The 2019 pandemic sparked a period of significant change for the financial services industry which was largely driven by dramatically shifting consumer expectations. Across several sectors, customers have become increasingly accustomed to more tailored services without a drop in efficiency. In response to these challenges, banks are turning to artificial intelligence (AI) as a potential solution to navigate the complexities of the modern banking ecosystem.

At the moment, applications of AI and generative AI in retail banking are split across three main categories:

Customer centric

One of the key uses of AI in financial services is its ability to analyse transaction history, spending patterns, and demographic data. This can then be leveraged to suggest relevant financial products such as credit cards, loans, or investment options that are tailored to each customer’s needs and preferences.

Customers are also safeguarded from ‘bad actors’ with AI algorithms continuously monitoring customer transactions and behaviours to detect unusual patterns indicative of potential fraud. By analysing vast amounts of data in real-time, AI can promptly flag suspicious activities, protecting customers from identity theft and fraudulent transactions.

Decision making applications

AI developed to assess market trends, competitor pricing, and customer behaviour has resulted in fine-tuned pricing strategies and product offerings in real-time. By dynamically adjusting prices and promotions, banks can now maximise profitability while simultaneously offering competitive rates and incentives to customers. The benefits in this sphere extend to portfolio management platforms too where AI is being used to monitor economic indicators, and investment strategies to refine portfolio performance. Crucially, it’s doing this at greater speed and with elevated accuracy than previous traditional methods.

Enterprise level

AI has the potential to revolutionise how businesses approach learning and development, offering tailor-made learning paths that cater to everyone’s distinct skill set. Harnessing the capabilities of AI-driven insights, organisations can cultivate a culture of continuous learning and growth that propels both personal and professional development. Moreover, by equipping managers with the tools to provide precise support and mentorship, AI becomes the driving force behind unlocking the full potential of every member of the workforce, too. In doing so, companies pave the way for innovation and sustained success in the ever-evolving landscape of today’s business world.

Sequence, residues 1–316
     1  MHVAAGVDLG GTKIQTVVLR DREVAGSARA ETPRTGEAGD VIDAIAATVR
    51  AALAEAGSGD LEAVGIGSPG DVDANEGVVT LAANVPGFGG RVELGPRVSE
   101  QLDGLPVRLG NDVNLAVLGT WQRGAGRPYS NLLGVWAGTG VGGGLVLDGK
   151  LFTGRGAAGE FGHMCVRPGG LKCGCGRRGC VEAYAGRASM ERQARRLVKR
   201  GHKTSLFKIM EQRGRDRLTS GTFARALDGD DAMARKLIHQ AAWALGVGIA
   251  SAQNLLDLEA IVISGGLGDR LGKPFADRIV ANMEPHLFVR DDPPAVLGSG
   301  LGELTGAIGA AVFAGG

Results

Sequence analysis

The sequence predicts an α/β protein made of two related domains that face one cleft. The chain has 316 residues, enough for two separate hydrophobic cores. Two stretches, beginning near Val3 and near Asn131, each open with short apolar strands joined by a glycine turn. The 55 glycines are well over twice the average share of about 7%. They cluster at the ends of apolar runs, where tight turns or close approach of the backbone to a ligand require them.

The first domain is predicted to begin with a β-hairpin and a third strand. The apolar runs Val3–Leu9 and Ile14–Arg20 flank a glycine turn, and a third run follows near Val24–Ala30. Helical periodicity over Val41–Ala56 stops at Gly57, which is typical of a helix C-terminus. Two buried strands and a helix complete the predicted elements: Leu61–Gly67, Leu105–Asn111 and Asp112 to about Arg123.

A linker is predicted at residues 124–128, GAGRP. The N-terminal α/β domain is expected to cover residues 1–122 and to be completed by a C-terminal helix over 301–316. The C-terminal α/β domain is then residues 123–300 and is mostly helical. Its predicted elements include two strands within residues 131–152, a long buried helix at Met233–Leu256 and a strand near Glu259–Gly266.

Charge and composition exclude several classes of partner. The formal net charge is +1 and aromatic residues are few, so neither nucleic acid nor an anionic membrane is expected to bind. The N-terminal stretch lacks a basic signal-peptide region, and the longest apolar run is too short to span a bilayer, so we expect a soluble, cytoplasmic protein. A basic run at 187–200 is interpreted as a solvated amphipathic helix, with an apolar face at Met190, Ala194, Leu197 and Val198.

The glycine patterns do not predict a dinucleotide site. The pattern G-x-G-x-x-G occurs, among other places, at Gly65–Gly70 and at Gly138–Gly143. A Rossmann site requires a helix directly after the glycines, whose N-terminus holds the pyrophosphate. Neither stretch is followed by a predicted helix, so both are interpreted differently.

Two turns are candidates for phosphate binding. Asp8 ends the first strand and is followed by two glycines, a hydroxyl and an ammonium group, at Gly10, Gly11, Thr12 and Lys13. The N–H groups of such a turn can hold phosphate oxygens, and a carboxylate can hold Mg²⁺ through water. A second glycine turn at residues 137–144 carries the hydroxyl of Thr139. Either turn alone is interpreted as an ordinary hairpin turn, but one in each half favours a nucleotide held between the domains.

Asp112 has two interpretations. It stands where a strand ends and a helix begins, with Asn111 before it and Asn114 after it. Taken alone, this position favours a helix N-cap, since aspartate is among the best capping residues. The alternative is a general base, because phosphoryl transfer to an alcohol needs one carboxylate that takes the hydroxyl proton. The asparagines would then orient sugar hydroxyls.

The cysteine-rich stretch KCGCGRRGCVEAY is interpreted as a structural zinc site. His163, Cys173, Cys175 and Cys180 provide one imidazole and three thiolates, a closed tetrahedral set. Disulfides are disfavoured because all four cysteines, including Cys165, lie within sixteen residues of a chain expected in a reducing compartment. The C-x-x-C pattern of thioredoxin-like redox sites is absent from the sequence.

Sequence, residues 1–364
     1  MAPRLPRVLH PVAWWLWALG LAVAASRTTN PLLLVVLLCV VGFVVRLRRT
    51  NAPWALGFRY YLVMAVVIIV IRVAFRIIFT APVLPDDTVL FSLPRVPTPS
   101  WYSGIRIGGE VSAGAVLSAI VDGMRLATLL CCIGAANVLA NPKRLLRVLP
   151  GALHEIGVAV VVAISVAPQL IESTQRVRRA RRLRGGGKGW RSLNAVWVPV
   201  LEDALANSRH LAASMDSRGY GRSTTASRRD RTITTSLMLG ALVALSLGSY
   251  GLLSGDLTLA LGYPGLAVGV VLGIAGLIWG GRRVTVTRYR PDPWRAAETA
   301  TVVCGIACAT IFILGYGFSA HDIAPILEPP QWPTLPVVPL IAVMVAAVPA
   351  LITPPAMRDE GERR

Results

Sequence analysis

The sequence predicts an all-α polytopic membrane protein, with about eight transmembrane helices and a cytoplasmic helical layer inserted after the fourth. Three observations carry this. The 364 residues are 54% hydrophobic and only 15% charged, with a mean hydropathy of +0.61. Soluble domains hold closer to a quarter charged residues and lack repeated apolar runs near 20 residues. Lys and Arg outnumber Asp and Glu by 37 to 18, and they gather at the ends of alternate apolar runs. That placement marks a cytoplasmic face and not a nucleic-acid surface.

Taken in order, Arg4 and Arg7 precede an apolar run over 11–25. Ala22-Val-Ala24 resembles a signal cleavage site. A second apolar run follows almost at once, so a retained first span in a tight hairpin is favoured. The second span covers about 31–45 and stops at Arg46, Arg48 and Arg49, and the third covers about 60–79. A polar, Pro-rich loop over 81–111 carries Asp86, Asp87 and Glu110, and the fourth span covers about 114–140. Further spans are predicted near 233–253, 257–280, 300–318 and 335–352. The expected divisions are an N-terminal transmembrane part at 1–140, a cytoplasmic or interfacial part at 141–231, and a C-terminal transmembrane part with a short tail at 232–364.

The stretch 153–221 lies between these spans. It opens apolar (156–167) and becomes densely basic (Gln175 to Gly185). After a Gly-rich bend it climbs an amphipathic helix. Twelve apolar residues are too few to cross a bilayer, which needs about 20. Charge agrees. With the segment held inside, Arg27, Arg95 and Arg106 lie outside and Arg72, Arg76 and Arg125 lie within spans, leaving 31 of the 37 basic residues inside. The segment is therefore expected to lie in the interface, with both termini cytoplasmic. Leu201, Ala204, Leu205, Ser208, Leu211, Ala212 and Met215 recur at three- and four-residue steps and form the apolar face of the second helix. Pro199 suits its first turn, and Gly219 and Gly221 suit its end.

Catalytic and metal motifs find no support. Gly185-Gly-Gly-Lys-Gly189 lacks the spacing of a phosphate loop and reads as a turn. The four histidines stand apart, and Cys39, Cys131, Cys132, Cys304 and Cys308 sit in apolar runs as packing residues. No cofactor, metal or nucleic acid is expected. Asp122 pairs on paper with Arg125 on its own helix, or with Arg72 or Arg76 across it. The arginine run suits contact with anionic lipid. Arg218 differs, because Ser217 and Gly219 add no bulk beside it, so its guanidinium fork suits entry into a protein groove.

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When evaluating the primary areas where AI is making strides in retail banking, at Kearney we have witnessed notable advancements in enhancing customer experiences and optimizing decision-making processes. Meanwhile, within the broader organisational framework, certain AI applications, particularly those related to HR, have made significant headway, while others are still in the developmental phase.

As we navigate this new world, it’s essential to take a considered approach and ask questions like: To what degree can humans entrust full responsibility to the emerging technology? Whilst there is currently an established synergy between AI and humans in retail banking, the potential to offset costs by fully implementing AI in critical decision-making processes will become more and more tempting as the technology continues to improve.